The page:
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Experience the Journey as well as the Destination
Some people travel and others do not. By travel I mean, experiencing the journey as well as the destination. What can enrich us more than seeing, touching, tasting, smelling, and hearing the experience of a journey into new territory? Travel begins as a time-constrained hobby that leads to a lifestyle for many in retirement.
Travel is not Disney World. (How to become a real traveler)
First, pick a destination acceptable to your peers and worth your expenditure of vacation time.
We’ll use the Grand Canyon as an example.
Look at maps and familiarize yourselves with anything of interest between home and your destination. Being new to travel, you’ll probably want to drive directly to Grand Canyon National Park.
Upon arrival at the canyon, park the car and walk to the rim.
After saying “wow” and “it looks fake” several times, take a deep breath and feel the air.
Walk along the rim and, at that perfect spot with perfect lighting, take the perfect selfie and panoramic shot.
Post these photos on Facebook. Your friends will be envious even though you didn’t go on a cruise.
Now, the trip is a success!
Now that Business is Taken Care of, You can Begin to Travel
Take a walk below the rim. It doesn’t matter how far.
You’ve entered a different world. Listen to the sounds unique to the canyon.
Feel your exertion and heavy breathing due to the altitude. Maybe your lips will chap and your nose will bleed from the dryness.
Watch the curious deer and the tiny people traversing the canyon wall.
When you make it back to the top (and I’m sure you will), explore the museum at the visitor center. Learn the history and ponder the exploits of men like John Wesley Powell.
Shop for gear at the general store and dine on the local fare.
For lodging, take your pick from five-star El Tovar to a modest motel to campground accommodations.
Be free to hike a trail, ride the shuttle bus or take a moonlight stroll along the canyon rim.
After assuring yourself that nothing of vital importance was missed, proceed with the trip. (Once, I forgot the Grand Canyon Imax movie, but caught it on a subsequent trip.)
On the trip home, you’ll be searching for interesting history, geology, archeology, and culture. Your journey may explore a particular topic or a potpourri of whatever is in the region.
Some may want to shop at malls or at art dealers. Others like hitting all the amusement parks and tourist traps. I like history and natural wonders, so my suggestions may be slanted toward my preferences.
Now that you’re a traveler you can:
-Explore a huge meteor crater and a petrified forest within a barren windswept desert.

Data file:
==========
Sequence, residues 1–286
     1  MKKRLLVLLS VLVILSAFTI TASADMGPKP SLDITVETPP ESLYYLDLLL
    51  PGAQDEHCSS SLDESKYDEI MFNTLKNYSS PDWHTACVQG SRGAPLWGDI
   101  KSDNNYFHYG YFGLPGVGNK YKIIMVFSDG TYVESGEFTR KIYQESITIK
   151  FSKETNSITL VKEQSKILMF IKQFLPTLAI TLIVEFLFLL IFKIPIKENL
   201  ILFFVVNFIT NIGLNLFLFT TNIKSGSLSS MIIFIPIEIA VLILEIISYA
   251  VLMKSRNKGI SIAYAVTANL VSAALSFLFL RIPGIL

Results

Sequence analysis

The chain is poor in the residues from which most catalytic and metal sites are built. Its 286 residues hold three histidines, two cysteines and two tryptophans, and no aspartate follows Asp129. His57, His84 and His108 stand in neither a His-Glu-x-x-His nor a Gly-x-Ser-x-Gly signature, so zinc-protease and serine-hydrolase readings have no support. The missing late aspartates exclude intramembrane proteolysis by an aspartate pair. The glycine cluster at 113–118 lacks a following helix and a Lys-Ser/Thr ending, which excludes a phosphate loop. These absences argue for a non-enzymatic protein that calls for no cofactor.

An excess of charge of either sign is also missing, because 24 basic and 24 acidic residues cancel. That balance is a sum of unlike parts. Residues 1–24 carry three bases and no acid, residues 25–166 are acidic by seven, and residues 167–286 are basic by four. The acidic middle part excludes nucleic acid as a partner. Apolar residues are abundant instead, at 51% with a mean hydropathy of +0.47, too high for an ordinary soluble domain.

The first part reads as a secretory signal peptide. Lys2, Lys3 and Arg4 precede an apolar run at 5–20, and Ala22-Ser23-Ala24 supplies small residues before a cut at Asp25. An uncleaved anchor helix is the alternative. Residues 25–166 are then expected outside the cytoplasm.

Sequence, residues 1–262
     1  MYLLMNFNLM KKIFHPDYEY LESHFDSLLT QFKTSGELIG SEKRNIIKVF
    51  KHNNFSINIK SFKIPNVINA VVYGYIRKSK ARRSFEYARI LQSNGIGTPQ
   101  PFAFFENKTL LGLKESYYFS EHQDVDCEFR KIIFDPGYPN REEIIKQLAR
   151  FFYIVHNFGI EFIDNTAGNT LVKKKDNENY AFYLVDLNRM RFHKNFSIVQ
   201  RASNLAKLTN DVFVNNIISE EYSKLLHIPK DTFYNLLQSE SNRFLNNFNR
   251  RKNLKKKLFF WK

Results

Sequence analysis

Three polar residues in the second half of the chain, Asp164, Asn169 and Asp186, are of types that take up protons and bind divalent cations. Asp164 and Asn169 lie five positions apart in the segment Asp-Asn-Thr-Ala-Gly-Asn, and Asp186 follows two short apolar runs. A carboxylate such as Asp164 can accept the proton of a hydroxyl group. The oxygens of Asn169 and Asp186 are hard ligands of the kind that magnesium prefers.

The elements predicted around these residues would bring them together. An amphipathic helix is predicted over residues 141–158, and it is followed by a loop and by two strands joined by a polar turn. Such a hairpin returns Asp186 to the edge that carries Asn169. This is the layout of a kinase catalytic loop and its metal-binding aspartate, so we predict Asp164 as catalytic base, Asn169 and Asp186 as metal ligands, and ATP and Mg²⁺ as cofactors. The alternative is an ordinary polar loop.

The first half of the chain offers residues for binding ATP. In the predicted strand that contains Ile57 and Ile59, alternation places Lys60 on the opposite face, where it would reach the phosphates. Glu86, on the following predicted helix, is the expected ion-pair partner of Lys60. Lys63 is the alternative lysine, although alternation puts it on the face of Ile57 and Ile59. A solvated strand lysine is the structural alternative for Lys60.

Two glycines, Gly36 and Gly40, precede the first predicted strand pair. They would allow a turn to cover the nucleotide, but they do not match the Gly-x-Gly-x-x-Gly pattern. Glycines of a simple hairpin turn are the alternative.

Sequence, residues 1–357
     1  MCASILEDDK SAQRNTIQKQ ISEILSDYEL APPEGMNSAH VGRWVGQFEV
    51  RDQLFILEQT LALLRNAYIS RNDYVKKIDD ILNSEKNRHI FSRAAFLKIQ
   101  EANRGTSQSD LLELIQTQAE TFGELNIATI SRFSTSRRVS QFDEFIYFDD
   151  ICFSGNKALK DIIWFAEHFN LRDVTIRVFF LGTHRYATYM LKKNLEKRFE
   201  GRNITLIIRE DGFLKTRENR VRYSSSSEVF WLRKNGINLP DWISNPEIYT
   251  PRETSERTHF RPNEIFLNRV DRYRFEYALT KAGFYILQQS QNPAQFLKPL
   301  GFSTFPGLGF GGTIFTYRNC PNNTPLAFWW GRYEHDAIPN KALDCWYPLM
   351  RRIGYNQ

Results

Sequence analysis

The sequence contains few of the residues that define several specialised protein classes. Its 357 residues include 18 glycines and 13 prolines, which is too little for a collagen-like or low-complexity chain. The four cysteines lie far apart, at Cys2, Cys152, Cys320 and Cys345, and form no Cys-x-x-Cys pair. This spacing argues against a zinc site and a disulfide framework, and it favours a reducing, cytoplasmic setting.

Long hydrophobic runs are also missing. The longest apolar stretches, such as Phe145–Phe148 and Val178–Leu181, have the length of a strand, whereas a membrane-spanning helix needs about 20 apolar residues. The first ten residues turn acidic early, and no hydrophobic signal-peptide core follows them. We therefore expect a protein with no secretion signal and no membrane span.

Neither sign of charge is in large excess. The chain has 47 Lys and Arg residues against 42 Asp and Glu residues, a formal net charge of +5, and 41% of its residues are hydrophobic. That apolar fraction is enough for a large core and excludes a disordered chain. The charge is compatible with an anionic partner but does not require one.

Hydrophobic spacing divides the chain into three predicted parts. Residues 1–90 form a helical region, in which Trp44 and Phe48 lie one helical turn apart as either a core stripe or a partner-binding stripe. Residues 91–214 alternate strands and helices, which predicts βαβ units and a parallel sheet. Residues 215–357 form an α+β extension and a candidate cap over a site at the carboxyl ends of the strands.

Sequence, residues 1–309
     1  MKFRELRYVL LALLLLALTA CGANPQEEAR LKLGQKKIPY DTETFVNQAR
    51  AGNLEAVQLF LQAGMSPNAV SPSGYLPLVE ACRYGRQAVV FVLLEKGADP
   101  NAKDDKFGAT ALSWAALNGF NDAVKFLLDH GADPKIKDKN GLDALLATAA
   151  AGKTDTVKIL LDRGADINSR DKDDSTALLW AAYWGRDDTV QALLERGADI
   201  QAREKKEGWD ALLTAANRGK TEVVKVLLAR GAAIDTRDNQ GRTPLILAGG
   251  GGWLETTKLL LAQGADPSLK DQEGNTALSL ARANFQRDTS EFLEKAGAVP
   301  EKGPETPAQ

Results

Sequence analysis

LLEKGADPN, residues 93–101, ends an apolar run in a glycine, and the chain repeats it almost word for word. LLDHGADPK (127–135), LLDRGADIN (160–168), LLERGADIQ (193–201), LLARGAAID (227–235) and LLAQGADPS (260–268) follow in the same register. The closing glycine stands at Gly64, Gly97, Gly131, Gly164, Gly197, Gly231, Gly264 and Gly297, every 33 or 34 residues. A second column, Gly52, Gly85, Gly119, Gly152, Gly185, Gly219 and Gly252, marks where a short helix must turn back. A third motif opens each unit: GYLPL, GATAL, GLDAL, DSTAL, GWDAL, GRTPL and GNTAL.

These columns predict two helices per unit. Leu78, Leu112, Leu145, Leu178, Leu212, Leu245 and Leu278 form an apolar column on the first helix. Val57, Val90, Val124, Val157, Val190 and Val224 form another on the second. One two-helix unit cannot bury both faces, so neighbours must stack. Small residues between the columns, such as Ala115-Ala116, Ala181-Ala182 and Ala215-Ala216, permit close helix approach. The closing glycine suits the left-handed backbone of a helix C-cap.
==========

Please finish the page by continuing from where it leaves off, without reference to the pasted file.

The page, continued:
-Traverse a rugged lava flow to find a hidden lava tube.
-Discover a town living its history of Billy the Kid and the Lincoln County wars. (You’ll want to kick yourself if you pass this up.)
-Learn about UFO’s and extraterrestrial encounters in the town synonymous with flying saucer crashes.
-Go deep underground to experience one of America’s premier caves. Watch black clouds of bats leave the cave for their nightly feeding activities.
This is just a tiny sampling of activities for one short trip. Just imagine the possibilities if only you didn’t have to be back at the office on Monday! If you traveled correctly, the only reason to go to the office is to bankroll the next trip.
Now that you’re hooked, how do you make it a lifestyle?
Watching people’s rigs on the highway, we used to ponder this dilemma.
Would you rather work until you were able to travel in the luxury bus or retire young and healthy, traveling with a modest camper?
Even though you may be old, fat and sick if not dead by the time you can buy the bus, it would impress your friends and relatives.
The kids would be spared the embarrassment of having vagabond parents traveling in a hippie van.
My answer was always to retire young. My wife always agreed but thought the big bus would be nice too.
While talking personal experience, most of my traveling was done in my forties.
Our decision was to move to where we vacationed. Work was secondary and never over four days a week.
For a long while, we have lived on vacation in an amazing place. I still have to pinch myself sometimes. With a more relaxed schedule, it seems the urge to hit the road is growing once again.
Living in the crown of the continent, we encounter quite a few travelers.
Some have found their place and just enjoy travel. Some are searching for that special place, or places, to settle. It is common to find retirees living in a modest home in paradise most of the year and RV-ing for pleasure or obligations the rest.
The benefits of travel for the Rebel Retiree
As an explorer, the knowledge, not only of the world but of yourself, gained in your travels will prove invaluable in manifesting a successful retirement. Unlike many of your peers, you can visualize a happy ending for any eventuality. When the financial system collapses, you’ll know where you want to be. The same is true when you win the lottery. You are free to retire today or to choose another day. When your cruise tripping friends fret over their portfolios, just feel that inner smile of contentment.